[viii] Doherty, Carroll. “5 Facts about Republicans and immigration.” Pew Research Center. July 08, 2013. http://www.pewresearch.org/fact-tank/2013/07/08/5-facts-about-republicans-and-immigration/.

[ix] Ibid.

[x] Cortez Roman, Nolvia Ana, Arelys Karina Garcia Loya, and Adriana I. Altamirano Ruiz. “Estudiantes Migrantes De Retorno En México. Estrategias emprendidas para acceder a una educación universitaria.” Revista Mexicana de Investigación Educativa. June 25, 2015. http://www.redalyc.org/html/140/14042022008/.

[xi] Gonzalez Barrera, Ana. “More Mexicans Leaving Than Coming to the U.S.” Pew Research Center’s Hispanic Trends Project. November 19, 2015. http://www.pewhispanic.org/2015/11/19/more-mexicans-leaving-than-coming-to-the-u-s/.

[xii] “Public Education for Immigrant Students: Understanding Plyler v. Doe.” American Immigration Council. October 24, 2016. https://www.americanimmigrationcouncil.org/research/plyler-v-doe-public-education-immigrant-students.

[xiii] Cortez Roman, Nolvia Ana, Arelys Karina Garcia Loya, and Adriana I. Altamirano Ruiz. “Estudiantes Migrantes De Retorno En México. Estrategias emprendidas para acceder a una educación universitaria.” Revista Mexicana de Investigación Educativa. June 25, 2015. http://www.redalyc.org/html/140/14042022008/.

[xiv] “Advising Undocumented Students.” Advising Undocumented Students – Explaining Financial Aid | Education Professionals – The College Board. https://professionals.collegeboard.org/guidance/financial-aid/undocumented-students.

[xv] Ibid.

[xvi] Krogstad, Jens Manuel. “Unauthorized immigrants covered by DACA face uncertain future.” Pew Research Center. January 05, 2017. http://www.pewresearch.org/fact-tank/2017/01/05/unauthorized-immigrants-covered-by-daca-face-uncertain-future/.

[xvii] Secretaría de Educación Pública. “Información Para Revalidar Estudios Del Tipo Superior.”

http://www.ree.sep.gob.mx/work/models/sincree/Resource/archivo_pdf/triptico_revalidacion_DGAIR.pdf

[xviii] Ibid.

[xix] Anderson, Jill. “Bilingual, Bicultural, Not Yet Binational: Undocumented Immigrant Youth in Mexico and the United States.” October 2016. https://www.wilsoncenter.org/sites/default/files/bilingual_bicultural_not_yet_binational_undocumented_immigrant_youth_in_mexico_and_the_united_states.pdf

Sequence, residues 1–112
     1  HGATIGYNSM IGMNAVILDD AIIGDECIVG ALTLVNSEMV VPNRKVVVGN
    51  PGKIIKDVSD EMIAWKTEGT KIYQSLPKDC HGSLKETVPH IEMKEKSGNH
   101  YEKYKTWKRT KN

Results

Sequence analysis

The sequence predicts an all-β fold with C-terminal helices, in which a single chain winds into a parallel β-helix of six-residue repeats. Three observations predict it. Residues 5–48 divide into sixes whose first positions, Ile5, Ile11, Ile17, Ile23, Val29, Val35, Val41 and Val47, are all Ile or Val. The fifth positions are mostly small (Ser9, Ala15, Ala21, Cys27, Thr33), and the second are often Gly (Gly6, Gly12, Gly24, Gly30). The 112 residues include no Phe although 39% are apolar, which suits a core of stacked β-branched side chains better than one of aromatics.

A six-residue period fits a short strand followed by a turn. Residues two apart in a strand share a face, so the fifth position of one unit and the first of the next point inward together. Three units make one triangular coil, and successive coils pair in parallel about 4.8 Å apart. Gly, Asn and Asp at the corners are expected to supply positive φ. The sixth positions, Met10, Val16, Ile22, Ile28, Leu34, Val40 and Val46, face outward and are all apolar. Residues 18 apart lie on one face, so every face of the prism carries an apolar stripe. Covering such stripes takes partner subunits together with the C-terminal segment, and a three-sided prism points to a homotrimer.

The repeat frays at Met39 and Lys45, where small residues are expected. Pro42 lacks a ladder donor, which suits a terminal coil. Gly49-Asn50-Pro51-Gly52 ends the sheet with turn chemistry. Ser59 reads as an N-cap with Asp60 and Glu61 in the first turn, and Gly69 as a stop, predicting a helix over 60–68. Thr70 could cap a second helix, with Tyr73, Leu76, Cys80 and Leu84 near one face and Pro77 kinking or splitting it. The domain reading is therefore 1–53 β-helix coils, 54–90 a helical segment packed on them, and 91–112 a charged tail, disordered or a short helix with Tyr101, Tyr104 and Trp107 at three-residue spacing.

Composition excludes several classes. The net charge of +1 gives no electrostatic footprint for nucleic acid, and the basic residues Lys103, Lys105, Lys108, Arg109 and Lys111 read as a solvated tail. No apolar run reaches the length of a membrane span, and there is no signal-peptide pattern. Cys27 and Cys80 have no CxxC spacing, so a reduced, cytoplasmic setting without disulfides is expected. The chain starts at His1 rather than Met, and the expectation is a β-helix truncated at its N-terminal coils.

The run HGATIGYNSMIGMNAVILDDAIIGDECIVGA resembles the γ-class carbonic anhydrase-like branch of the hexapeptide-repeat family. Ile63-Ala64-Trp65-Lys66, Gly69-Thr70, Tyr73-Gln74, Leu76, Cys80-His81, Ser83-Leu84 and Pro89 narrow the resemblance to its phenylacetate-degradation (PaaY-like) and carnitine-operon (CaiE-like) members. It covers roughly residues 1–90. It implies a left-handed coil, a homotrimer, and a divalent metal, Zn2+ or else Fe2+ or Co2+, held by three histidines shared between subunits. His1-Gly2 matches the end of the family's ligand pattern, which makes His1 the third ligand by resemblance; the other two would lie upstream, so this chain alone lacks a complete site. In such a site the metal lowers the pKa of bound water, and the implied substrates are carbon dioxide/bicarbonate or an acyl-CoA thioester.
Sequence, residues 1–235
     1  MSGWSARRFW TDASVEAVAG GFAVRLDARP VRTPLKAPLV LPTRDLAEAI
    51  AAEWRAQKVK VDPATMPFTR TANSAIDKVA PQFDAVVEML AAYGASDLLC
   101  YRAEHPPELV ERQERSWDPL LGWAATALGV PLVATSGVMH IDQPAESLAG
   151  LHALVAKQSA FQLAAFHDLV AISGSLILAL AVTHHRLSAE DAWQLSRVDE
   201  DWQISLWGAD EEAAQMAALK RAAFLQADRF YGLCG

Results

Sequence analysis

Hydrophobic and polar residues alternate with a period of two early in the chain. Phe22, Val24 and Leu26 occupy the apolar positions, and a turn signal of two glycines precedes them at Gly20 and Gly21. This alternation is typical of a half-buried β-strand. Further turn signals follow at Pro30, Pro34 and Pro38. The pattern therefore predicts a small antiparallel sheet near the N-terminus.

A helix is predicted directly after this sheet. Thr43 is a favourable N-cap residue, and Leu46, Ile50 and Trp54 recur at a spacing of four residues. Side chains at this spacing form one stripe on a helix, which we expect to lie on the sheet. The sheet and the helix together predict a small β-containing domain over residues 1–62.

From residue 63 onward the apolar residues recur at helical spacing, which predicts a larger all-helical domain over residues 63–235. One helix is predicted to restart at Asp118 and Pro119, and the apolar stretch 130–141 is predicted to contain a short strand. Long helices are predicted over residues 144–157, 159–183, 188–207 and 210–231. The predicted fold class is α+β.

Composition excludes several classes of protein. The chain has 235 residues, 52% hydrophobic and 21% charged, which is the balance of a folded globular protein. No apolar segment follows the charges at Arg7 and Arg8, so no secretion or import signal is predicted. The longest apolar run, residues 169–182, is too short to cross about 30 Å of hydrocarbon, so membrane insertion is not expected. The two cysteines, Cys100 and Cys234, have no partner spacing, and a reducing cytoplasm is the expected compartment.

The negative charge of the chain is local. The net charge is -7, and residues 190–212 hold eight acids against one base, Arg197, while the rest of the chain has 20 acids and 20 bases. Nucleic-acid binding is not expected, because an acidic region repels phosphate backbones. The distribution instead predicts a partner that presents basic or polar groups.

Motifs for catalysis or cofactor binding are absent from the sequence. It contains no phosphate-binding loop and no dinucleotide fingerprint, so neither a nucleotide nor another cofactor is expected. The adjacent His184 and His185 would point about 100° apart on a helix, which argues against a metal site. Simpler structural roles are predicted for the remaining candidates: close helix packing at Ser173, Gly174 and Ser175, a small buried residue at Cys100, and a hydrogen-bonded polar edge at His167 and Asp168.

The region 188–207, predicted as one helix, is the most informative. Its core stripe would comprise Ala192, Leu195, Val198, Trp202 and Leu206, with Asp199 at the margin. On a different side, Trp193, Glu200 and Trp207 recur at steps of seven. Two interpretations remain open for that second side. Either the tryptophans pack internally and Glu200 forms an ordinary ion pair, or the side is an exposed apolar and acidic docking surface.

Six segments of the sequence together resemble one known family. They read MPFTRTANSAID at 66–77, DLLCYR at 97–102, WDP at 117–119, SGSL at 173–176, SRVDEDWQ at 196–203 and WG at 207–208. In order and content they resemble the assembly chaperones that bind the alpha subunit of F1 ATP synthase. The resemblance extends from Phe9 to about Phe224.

[xx] Ibid.

[xxi] Jacobo, Mónica, and Nancy Landa. “La exclusión de los niños que retornan a México.” Nexos. August 1, 2015. Accessed March 28, 2017. http://www.nexos.com.mx/?p=25878#_ftn1.

[xxii] El Colegio de la Frontera Norte. “Senado mexicano aprueba revalidación de estudios de “dreamers” deportados por Trump.” El Colegio de la Frontera Norte. March 2, 2017. http://observatoriocolef.org/?noticias=senado-mexicano-aprueba-revalidacion-de-estudios-de-dreamers-deportados-por-trump.

[xxiii] Bernal, Rafael. “Mexico moves to recognize Dreamers’ US education.” The Hill. February 27, 2017. http://thehill.com/latino/321347-mexico-moves-to-recognize-dreamers-us-education.

[xxiv] Jacobo, Mónica, and Nancy Landa. “La exclusión de los niños que retornan a México.” Nexos. August 1, 2015. Accessed March 28, 2017. http://www.nexos.com.mx/?p=25878#_ftn1.

[xxv] Cortez Roman, Nolvia Ana, Arelys Karina Garcia Loya, and Adriana I. Altamirano Ruiz. “Estudiantes Migrantes De Retorno En México. Estrategias emprendidas para acceder a una educación universitaria.” Revista Mexicana de Investigación Educativa. June 25, 2015. http://www.redalyc.org/html/140/14042022008/.

[xxvi] Felipe, Tirado. “Validez predictiva del examen de habilidades y conocimientos básicos (EXHCOBA) Revista Mexicana de Investigación Educativa.” 1997. http://www.redalyc.org/pdf/140/14000305.pdf

[xxvii] Cortez Roman, Nolvia Ana, Arelys Karina Garcia Loya, and Adriana I. Altamirano Ruiz. “Estudiantes Migrantes De Retorno En México. Estrategias emprendidas para acceder a una educación universitaria.” Revista Mexicana de Investigación Educativa. June 25, 2015. http://www.redalyc.org/html/140/14042022008/.

[xxviii] Ibid.

[xxix] Anderson, Jill. “Bilingual, Bicultural, Not Yet Binational: Undocumented Immigrant Youth in Mexico and the United States.” October 2016. https://www.wilsoncenter.org/sites/default/files/bilingual_bicultural_not_yet_binational_undocumented_immigrant_youth_in_mexico_and_the_united_states.pdf

[xxx] Ibid.

[xxxi] de Vries, Wietse and Francisco Romero. Chapter 4. Mexico: Higher Education, the Liberal Arts and Prospects for Curricular Change. Routledge, 2012. pp.75-99. https://www.researchgate.net/publication/313118558_Chapter_4_Mexico_Higher_Education_the_Liberal_Arts_and_Prospects_for_Curricular_Change

[xxxii] Vallone, Deanie. “So What is Liberal Arts, and Why Does Everyone in America Study It?” The Independent. November 11, 2013. http://www.independent.co.uk/student/study-abroad/so-what-is-liberal-arts-and-why-does-everyone-in-america-study-it-8933110.html

[xxxiii] Ibid.

[xxxiv] Magaziner, Jessica, and Carlos Monroy. “Education in Mexico.” WENR. August 16, 2016. http://wenr.wes.org/2016/08/education-in-mexico.

 

 

Leave a Reply

Your email address will not be published. Required fields are marked *